"The most critical stages of vision development occur in the first year of a child's life," said Charleston Mayor Joseph P. Riley, Jr. "I urge all our citizens to schedule an InfantSEE® exam for their infants."

One in 10 children is at risk from undiagnosed eye and vision problems, which, if undetected, could lead to permanent vision impairment, and in rare cases, life-threatening health risks.  However, only 14 percent of children from infancy to age six have had a comprehensive eye assessment from an eye care professional. In South Carolina, great strides are being made to ensure that potential eye and vision problems are detected early. Infant eye assessments have been available in South Carolina since the InfantSEE® program launched in 2005.

"Many parents are surprised to learn that the first year of life is one of the most critical stages of a child's visual development," said Dr. Jennie Smith, a South Carolina optometrist and InfantSEE® provider. "It's the ideal time to detect eye and vision problems before these conditions worsen or cause developmental delays."

"With so many people needing eye care, this is an excellent opportunity for South Carolina," said Addie Bunn, Communications Manager, United Way Association of South Carolina.  "Since 2008, United Way has been working to achieve a 10-year goal: to increase by one-third the number of youth and adults who are healthy and avoid risky behaviors by 2018. This will be one step closer to reaching that goal."

The program launched in 2005 with support from former President Jimmy Carter, honorary national spokesperson. Nearly 8,000 optometrists nationwide volunteer their time to provide assessments to babies in their communities.  The majority of vision problems detected include retinoblastoma (eye cancer), severe hyperopia (farsightedness), myopia (nearsightedness), congenital glaucoma and congenital cataract.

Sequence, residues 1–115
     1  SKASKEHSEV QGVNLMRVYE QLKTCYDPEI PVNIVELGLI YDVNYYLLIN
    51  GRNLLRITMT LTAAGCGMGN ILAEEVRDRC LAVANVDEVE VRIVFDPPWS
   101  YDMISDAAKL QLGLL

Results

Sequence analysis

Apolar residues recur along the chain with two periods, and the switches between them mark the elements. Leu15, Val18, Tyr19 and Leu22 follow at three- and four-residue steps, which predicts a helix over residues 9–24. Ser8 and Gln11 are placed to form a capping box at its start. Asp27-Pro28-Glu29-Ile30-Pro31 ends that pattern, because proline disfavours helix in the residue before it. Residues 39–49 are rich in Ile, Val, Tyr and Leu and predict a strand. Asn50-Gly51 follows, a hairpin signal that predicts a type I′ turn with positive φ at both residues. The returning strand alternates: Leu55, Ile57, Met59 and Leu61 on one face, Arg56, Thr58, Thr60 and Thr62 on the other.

"I heard about the InfantSEE® program from a family member and wondered how an infant could have their eyes tested at such a young age," said Kamela Snider, a local mother of Makenzie, 11 months.  "I was amazed when I saw how the tests were performed and the amount of information that could be obtained about the health and vision of my baby's eyes. It was such a relief to know that my child's vision was developing as it should be."

To continue to improve infant eye assessment rates in South Carolina, parents can bring their infant in for a no-cost assessment at the InfantSEE® Mobile Clinic stationed in towns across the state.  Also, for those parents who can't make it to the InfantSEE® Mobile Clinic, optometrists from around the state will be providing these no-cost InfantSEE® eye assessments from September 20 through 25 in their offices by appointment.



The opinions expressed here are the views of the writer and do not necessarily reflect the views and opinions of News Medical.